posted by Jayne Ormerod
As snow still covers the ground in my home in southeastern Virginia (where “normal” temps are in the high 50s this time of year—today we’re expected to top out at 29!) it seems natural for my thoughts to turn to spring. More specifically, spring activities, such as gardening. So I thought I’d dig out and dust off an article I wrote almost 10 years ago, but is still relevant today, and gives me hope that spring will be here soon!
YARD OF THE MONTH
My first gardening catalog came addressed to “Robert S. Jones or Current Resident." That’s me. Current resident. We’d just made our fourth move in two years in conjunction with my husband’s career in the US Navy. He had orders for twenty-four months. Why, that’s long enough to plant perennials, I thought!
I showed a great deal of restraint when I limited myself to a $500 order from that gardening catalog. A rainbow of reds, whites, blues, pinks and yellows. A selection of varying heights and curious textures. My home would stand out from the others in this new, cookie-cutter neighborhood. Okay, so I would eat nothing by macaroni and cheese for two months, but with the Yard of the Month awarded by my neighborhood association came a $50 gift certificate to the garden center, so it would balance the financial scales a bit. And based on the glossy catalog pictures of what my gardens would look like, I was a sure winner.
One sunny day in early April a small box arrived. A very small box filled with more than a hundred two-inch plants that looked like they should be on life support. But hope springs eternal, and I had faith these would grow quickly to look like the advertisement in no time.
The instructions said I should plant the garden as soon as possible. Hmmm. I hadn’t actually thought about that part of it. I’d ordered enough flora to fill three very large areas, all of which were currently sprouting bright green weeds. As any good navy wife would do, I rolled up my sleeves and got to work.
First I outlined the beds with edging bricks, hauled in station-wagon loads of 50 per day. That took two weeks. Next step was to loosen the top four inches of soil. After three days of back-breaking labor, I broke down and rented a tiller. Then the dump truck deposited a load of topsoil in the middle of the driveway when I wasn’t looking. I had to borrow my neighbor’s car to run to the hardware store to purchase a wheelbarrow and move the dirt before I could even get my car out of the garage. The important lesson here was exactly how much dirt fit into a dump truck, most of which my neighbor ended up using to fill in his swimming pool. Thinking I’d learned my lesson on the soil, I opted for hauling in mulch bag by bag by bag by bag. One-hundred and seventy-two, if memory serves.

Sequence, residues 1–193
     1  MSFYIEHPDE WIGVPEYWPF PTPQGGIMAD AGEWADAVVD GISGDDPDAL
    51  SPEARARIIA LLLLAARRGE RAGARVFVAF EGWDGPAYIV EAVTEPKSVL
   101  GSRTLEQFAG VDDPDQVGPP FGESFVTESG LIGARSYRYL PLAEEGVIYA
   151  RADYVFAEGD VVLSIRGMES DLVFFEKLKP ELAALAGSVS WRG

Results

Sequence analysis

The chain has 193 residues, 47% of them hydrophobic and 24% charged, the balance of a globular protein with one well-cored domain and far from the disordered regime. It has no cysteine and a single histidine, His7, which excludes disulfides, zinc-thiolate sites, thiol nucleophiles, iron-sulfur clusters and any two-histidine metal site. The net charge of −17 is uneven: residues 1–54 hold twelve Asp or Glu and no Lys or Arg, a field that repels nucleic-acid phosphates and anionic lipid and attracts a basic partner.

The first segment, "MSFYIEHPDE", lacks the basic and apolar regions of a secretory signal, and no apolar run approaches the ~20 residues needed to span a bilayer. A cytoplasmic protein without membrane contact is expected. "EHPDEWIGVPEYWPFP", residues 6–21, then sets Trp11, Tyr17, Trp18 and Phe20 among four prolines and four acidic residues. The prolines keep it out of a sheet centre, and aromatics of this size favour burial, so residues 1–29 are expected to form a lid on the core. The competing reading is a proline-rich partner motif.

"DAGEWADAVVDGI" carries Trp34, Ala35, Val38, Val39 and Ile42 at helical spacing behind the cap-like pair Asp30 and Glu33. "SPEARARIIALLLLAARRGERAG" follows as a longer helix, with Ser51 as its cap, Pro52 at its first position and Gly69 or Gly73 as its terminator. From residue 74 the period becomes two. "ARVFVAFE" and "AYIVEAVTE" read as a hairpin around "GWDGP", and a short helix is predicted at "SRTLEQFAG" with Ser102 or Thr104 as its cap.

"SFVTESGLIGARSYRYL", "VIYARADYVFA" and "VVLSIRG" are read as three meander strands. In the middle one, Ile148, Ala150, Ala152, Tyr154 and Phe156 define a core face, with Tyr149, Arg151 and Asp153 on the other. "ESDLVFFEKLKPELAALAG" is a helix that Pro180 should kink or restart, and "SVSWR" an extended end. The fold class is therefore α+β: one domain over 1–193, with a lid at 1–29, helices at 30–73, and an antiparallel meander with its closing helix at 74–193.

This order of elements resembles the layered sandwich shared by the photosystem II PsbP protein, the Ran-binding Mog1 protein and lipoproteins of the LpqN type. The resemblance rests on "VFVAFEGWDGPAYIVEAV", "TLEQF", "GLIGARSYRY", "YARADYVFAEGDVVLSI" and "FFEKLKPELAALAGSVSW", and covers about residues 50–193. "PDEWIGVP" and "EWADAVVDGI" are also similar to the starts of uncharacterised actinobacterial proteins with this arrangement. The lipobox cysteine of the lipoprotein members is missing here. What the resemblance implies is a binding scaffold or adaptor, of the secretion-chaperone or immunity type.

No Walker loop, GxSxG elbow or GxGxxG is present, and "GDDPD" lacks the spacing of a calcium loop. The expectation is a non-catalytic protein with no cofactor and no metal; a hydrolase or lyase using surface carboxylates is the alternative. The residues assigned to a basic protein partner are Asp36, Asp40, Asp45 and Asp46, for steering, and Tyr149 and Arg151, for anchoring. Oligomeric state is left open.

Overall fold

It took over a month, but I celebrated the day I popped the teeny plants into their tiny holes, being careful to adhere to the paint-by-number instructions in order to achieve the same stunning effect shown in their catalog. Little tiny specks of plants spaced twelve to eighteen inches apart. It looked like a barren wasteland. I wanted to cry. It looked pathetic. All that work…. My back ached, my legs ached, my hands ached. But most of all, my budget ached. I was in for over $1,500, once I figured in the repair costs after I’d run over the tiller I’d parked behind my car. I reminded myself it would all be worth it when my husband returned from deployment to find our yard looked like it should be on the cover of Better Homes and Gardens.
That was my very expensive lesson in patience. Having been raised in a well-established mill town, I’d taken flora planted by long-dead ancestors for granted. I had no idea it took fifty years for ivy to climb the brick exteriors, or forsythia bushes to grow as tall as the houses. I expected instant gratification in my gardens. Needless to say, my sparse plantings did not earn me Yard of the Month, let alone even a "wow" from my husband when he returned home.
We moved nine times over the next fourteen years. I never again made the mistake of undertaking significant landscaping projects I would never be around long enough to enjoy, but at every place we lived I left some small patch of perennials or a few puny peonies for a future nomadic tenant to enjoy.
We found ourselves back in the area of our first home and detoured down the street where I’d foolishly invested so much time, energy and money. I cried when I saw it. The big pink peony blooms smiling up at the sunshine took my breath away. Lush vinca had filled in enough to choke out all the weeks and make annual mulching unnecessary (which had been my goal.) The gardenia bushes, which had started as one-foot high twigs, now formed a tall, thick, fragrant hedge. But the thing that caught my eye was a sign right smack dab in the middle of the beautiful red, white and blue field of perennials—Yard of the Month. That sign was more a testimony to the passage of time than to my efforts, and certainly the current homeowners spent a lot of energy and money maintaining it all through the years. But even though the sign read Yard of the Month, I know what it really meant…Congratulations Jayne Ormerod! You’re a Gardener with Vision!